Reforming the system is absolutely necessary. But what can society do if entrenched interests and status quo powers stand in the way of what needs to be done?
On many occasions since the members of the Sunflower Movement voluntarily exited the Legislative Yuan after a more than three-week occupation in April 2014, I had found myself correcting the perception among a number of foreign journalists and at academic conferences overseas that the dramatic events in the spring constituted a revolution. Though the term “Sunflower Revolution” was repeatedly used, it was a misnomer: It was never the intention of the Sunflowers to overthrow the system, or to replace it with another. Rather, the sole objective was reform of existing institutions. Therefore, notwithstanding the “extreme” nature of their actions, the Sunflowers overwhelmingly agreed that the prevailing political system should continue to exist, though they wanted to see its many flaws remedied, and unaccounted officials expunged.
We still don’t know to what extent the Sunflower Movement succeeded in achieving its goals. What is clear is that governments can rarely implement in the whole the maximalist requests of civil society; after all, politics is the art of compromise — at least in democratic societies. The controversial services trade agreement that sparked the occupation remains stalled, and an oversight mechanism for future cross-strait negotiations, one of the conditions set by the activists before they vacated the legislature, to is under consideration.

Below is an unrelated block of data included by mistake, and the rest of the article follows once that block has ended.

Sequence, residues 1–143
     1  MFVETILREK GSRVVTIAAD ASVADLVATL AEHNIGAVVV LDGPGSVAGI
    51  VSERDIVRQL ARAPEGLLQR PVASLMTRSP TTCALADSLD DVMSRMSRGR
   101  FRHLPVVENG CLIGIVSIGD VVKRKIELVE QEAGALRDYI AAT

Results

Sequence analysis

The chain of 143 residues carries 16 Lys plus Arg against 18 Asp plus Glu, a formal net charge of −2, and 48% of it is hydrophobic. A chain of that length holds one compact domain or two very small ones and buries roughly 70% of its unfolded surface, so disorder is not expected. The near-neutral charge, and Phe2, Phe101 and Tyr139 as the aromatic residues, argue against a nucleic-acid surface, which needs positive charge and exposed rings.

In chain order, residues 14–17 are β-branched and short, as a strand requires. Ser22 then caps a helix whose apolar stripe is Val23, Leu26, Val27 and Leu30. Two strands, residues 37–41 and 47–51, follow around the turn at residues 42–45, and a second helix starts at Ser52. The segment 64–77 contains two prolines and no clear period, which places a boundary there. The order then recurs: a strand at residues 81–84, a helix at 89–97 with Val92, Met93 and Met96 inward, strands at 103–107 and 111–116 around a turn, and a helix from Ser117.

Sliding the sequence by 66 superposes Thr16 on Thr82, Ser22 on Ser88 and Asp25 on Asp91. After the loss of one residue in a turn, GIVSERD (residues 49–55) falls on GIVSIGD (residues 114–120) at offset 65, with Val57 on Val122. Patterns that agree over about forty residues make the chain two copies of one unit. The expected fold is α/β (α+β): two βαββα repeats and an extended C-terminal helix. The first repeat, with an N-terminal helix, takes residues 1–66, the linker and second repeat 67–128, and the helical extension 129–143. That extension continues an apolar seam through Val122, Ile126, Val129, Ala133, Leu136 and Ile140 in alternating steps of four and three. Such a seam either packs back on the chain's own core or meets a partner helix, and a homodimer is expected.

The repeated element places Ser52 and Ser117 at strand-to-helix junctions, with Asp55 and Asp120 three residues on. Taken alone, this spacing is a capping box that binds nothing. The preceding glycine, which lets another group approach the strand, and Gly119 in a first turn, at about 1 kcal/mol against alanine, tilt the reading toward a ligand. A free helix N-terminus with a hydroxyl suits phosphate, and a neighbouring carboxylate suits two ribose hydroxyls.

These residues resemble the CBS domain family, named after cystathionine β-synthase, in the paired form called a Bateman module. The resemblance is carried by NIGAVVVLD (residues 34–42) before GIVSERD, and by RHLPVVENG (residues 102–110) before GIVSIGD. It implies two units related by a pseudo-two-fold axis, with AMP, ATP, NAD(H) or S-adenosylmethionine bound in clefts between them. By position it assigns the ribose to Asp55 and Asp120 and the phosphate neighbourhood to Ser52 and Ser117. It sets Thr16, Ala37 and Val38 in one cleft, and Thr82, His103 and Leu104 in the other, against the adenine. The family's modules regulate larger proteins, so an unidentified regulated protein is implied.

There were other less easily quantifiable successes. Despite officials claims to the contrary, the Ma administration’s reputation suffered a terrible blow. The drama re-energized civic activism, bringing political awareness among the population to levels unseen in years, and generated substantial interest overseas by making Taiwan exciting and newsworthy. Finally, the occupation undoubtedly had an impact on the Nov. 29 “nine-in-one” local elections, in which the ruling Chinese Nationalist Party (KMT) was roundly defeated.
As I argued in a commentary a few months ago, the next step for the Sunflowers and the young activists the movement inspired is for themselves to enter politics and work from the inside. Since then, it has been encouraging to see a number of them choose to do so. Some of them ran in the Nov. 29 elections, while others started their own party or decided to join an existing political party — in almost every case the opposition Democratic Progressive Party (DPP), a much more natural ally, given its ideology, than the KMT.
My article, published today on Thinking Taiwan, continues here (photo by the author).